By saying he’s pulling or canceling the monorail transit way agreement, Mayor Nickels’s monorail advisory ballot asks the same question that voters took up last year w/ I-83óshould the city refuse to grant the monorail city right of way? The voters trashed that question last year with 63.5% saying build the monorail.
Now, given the bad news about the finance plan, Nickels (cynically, I think) is rolling the dice that siding with the anti-monorail crowd is politically smart. He may be in for a surprise. Here’s an e-mail that came in from longtime Seattle activist Curt Firestone that frames this November pretty accurately:
Not everyone agrees with having a monorail constructed from Ballard to West Seattle. But, we all know that the voters approved the idea of a monorail on four different occasions.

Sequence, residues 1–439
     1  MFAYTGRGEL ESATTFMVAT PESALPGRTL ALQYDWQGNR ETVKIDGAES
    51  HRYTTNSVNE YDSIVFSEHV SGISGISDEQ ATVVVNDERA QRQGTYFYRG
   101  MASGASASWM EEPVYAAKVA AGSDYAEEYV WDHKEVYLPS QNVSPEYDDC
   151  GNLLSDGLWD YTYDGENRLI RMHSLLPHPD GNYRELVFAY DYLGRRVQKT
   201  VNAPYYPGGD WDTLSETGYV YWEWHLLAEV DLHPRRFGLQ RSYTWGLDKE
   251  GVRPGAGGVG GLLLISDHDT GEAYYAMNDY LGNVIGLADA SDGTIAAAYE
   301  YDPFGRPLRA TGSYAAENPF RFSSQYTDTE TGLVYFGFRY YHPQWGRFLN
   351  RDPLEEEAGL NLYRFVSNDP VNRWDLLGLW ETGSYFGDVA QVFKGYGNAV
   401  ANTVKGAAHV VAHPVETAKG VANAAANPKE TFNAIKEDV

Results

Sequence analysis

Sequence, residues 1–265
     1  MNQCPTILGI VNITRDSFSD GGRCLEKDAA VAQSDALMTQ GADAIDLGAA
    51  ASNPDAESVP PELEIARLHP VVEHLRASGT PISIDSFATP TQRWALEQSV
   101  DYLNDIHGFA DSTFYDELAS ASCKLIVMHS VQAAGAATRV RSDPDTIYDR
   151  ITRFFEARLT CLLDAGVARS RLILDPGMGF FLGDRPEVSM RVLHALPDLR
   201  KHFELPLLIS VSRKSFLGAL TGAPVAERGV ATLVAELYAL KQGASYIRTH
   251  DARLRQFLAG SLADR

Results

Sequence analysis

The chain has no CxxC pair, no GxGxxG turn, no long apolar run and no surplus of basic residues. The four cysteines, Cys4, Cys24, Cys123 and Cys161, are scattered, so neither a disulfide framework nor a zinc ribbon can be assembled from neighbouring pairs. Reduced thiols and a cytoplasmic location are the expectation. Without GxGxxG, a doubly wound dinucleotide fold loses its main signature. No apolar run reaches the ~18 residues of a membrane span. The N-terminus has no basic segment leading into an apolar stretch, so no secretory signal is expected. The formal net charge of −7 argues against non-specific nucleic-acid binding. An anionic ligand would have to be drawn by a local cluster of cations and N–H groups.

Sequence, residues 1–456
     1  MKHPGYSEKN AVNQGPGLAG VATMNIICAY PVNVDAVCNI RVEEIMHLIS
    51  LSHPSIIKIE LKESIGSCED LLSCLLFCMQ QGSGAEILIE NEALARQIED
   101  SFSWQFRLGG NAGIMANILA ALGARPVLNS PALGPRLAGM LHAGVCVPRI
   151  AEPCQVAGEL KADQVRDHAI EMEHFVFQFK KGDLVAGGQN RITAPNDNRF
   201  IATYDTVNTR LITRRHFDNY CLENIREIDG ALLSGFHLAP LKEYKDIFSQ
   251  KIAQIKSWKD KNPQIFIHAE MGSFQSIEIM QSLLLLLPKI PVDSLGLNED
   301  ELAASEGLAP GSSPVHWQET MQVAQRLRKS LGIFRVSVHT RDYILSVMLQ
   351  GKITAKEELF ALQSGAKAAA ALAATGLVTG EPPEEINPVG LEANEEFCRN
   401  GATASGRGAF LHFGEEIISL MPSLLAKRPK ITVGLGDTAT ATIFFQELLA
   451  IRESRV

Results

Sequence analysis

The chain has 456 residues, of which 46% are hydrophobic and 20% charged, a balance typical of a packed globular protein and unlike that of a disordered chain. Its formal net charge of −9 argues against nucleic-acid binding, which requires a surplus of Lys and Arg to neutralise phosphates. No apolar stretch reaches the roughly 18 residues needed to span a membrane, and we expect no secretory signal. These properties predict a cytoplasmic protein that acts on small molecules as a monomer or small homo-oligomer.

Now the mayor wants you to vote on it once again. This is a lame answer to a financing crisis. Instead, if he was sincere about ending grid-lock, he would be helping to resolve the crisis.¬†¬†What could he do? Here are just a¬†few thoughts:
1. Direct as much City money to the monorail project as the city is directing to the light rail project. This is at least $50 million.
2. Fund a monorail instead of a South Lake Union street car. Monorail moves Seattle’s commuters and residents. The street car will move downtown workers to restaurants for lunch.¬†
3. Cancel the requirement that the monorail must pay $ 1 million a year to run its rail though the Seattle Center.
4. Forgive all city sales taxes during construction.
I fear that our mayor may want to be remembered as Mayor Gridlock. What a shame when he could have given real leadership to our mass transit problems.¬†